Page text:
How India is about to make a major breakthrough in Alzheimer's
Research work being carried out at National Brain Research Centre is creating ripples in the scientific world.
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The brain-shaped building of the National Brain Research Centre (NBRC) at Manesar is hardly visible from the Delhi-Jaipur National Highway, but research work being carried out here is creating ripples in the scientific world. Given the vast array of health problems we have, diseases like Alzheimer's or Parkinson's may not figure high in our health priorities yet, but the number of Indians living with such ailments is rising steadily as life expectancy goes up.
While a cure for dementias is still the holy grail of scientific research, scientists feel that early detection could help in better management of these disorders.
"Early symptoms of Alzheimer's often go undiagnosed due to poor health literacy, and they are often taken to be indicative of normal aging," says Pravat K Mandal, professor of neuroimaging at NBRC. By the time symptoms appear, the disease would have already progressed. Mandal wants to change this and explore possibilities of early diagnosis of dementia. After nearly a decade of research, he is now close to an early diagnostic test for Alzheimer's. He has zeroed in on a brain chemical which plays a key role in the onset of Alzheimer's and its predecessor, Mild Cognitive Impairment (MCI).Dr Pravat K Mandal (centre) with his team at National Brain Research Center, Manesar.
By measuring the level of glutathione in specific regions of the brain, Mandal says it is possible to diagnose Alzheimer's early. Lowering levels of this chemical in hippocampus and frontal cortex regions of the brain is an indication of disease onset, Mandal has concluded based on studies done in healthy people as well as those suffering from Alzheimer's and MCI in different age groups.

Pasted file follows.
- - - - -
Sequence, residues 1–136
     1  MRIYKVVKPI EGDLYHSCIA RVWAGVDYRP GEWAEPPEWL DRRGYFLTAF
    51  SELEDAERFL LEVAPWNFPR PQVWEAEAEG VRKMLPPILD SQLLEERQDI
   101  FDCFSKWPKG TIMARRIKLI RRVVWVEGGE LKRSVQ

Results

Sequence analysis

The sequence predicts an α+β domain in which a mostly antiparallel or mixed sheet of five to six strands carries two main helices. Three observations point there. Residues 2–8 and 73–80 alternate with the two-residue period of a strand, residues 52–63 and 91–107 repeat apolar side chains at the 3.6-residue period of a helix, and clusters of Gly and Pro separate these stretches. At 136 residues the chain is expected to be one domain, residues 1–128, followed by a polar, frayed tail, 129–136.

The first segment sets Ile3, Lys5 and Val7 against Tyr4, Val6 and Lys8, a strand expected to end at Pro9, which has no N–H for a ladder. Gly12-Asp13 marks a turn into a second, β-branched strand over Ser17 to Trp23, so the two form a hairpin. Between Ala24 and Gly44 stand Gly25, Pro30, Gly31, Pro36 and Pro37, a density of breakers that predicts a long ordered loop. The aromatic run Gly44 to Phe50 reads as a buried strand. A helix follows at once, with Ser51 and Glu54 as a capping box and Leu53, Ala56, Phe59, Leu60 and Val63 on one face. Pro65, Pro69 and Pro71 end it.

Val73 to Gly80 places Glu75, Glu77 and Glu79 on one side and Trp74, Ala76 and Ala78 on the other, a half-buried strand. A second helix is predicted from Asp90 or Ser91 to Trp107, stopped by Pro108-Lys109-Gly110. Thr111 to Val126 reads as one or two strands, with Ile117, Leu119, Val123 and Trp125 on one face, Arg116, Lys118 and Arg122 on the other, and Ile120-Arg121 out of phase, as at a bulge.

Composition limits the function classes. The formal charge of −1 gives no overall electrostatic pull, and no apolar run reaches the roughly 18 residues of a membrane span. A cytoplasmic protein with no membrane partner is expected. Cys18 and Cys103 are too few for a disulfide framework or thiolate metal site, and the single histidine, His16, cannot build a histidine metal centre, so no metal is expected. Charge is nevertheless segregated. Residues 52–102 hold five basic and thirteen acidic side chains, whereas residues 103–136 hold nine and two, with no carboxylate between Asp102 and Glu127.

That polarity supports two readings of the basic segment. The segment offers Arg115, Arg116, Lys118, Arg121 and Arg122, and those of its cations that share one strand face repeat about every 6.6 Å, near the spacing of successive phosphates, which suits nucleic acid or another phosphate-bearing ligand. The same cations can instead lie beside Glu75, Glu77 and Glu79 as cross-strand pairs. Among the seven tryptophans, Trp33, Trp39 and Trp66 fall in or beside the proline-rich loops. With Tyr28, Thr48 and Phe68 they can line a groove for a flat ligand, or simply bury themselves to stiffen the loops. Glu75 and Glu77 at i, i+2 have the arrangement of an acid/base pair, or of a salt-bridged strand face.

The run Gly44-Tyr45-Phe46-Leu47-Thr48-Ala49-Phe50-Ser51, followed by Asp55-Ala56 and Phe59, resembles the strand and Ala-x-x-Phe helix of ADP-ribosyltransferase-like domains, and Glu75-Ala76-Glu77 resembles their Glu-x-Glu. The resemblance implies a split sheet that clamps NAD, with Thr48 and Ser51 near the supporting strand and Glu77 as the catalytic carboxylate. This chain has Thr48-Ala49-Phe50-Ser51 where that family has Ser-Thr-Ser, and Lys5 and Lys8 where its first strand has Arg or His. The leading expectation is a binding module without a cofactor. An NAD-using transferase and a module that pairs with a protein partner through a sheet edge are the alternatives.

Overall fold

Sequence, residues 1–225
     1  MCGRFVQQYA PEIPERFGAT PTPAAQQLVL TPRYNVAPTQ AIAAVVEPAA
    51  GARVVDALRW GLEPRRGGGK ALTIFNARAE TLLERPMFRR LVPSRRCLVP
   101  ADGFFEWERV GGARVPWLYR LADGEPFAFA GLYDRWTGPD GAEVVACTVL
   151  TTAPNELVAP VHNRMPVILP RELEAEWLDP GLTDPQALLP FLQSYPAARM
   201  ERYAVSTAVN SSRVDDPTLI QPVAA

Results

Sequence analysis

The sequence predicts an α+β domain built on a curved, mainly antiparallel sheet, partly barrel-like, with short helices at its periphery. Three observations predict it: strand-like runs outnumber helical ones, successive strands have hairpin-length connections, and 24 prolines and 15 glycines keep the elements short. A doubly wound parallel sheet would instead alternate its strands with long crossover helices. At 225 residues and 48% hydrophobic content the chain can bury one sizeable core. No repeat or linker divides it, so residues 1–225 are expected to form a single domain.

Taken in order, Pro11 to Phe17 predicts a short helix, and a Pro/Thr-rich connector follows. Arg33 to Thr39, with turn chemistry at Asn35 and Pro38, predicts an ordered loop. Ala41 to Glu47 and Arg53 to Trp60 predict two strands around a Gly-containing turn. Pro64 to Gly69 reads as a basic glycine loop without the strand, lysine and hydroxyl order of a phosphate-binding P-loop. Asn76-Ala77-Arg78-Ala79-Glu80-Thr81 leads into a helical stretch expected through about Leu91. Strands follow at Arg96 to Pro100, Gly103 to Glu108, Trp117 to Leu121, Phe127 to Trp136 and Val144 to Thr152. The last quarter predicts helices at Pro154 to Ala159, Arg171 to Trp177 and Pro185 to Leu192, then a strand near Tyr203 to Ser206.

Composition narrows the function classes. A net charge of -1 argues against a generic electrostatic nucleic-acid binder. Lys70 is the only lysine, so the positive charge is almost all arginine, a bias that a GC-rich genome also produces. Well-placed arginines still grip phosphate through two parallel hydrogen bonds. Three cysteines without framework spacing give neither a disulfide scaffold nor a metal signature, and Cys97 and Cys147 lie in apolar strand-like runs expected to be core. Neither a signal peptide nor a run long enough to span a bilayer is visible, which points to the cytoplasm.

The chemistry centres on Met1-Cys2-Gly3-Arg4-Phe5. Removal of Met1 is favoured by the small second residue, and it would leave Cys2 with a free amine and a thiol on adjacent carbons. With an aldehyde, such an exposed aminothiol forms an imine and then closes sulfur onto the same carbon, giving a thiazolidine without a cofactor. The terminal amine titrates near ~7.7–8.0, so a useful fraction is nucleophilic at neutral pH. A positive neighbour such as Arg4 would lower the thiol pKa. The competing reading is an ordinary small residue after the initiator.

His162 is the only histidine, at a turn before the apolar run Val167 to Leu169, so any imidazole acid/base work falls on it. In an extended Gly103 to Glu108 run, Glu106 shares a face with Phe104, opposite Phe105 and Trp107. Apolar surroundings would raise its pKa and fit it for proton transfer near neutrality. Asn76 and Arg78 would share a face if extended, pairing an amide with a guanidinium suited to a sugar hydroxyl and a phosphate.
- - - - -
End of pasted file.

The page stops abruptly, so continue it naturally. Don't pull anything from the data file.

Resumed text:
"In normal functioning of the brain, a lot of radicals are generated and glutathione absorbs them preventing any damage to brain cells. But when glutathione starts depleting, harmful radicals start destroying brain cells. In Alzheimer's, neurons in left hippocampus are damaged while those in frontal cortex are damaged to a lesser extent. By measuring glutathione levels in these two regions, we can decipher status of the disease," explained Mandal. The study of glutathione levels in humans, he says, has been done for the first time in the world. Till now scientists had studied it only in animals. The study has opened up possibilities of an early diagnostic test using MRI as well as developing drugs to treat Alzheimer's in future. "If glutathione level is falling, we can advise people to undertake lifestyle changes and take precautions and thus delay inset of Alzheimer's," Mandal said.
"If someone comes to know that his or her glutathione level is low, the person can exercise, eat healthy food, increase intake of vitamins. Such interventions can ensure that glutathione production cycle in the brain is not affected". The chemical exists elsewhere in the body too but brain glutathione is different and is synthesised in the brain itself. Certain foods like broccoli, mushroom, strawberries, etc can help.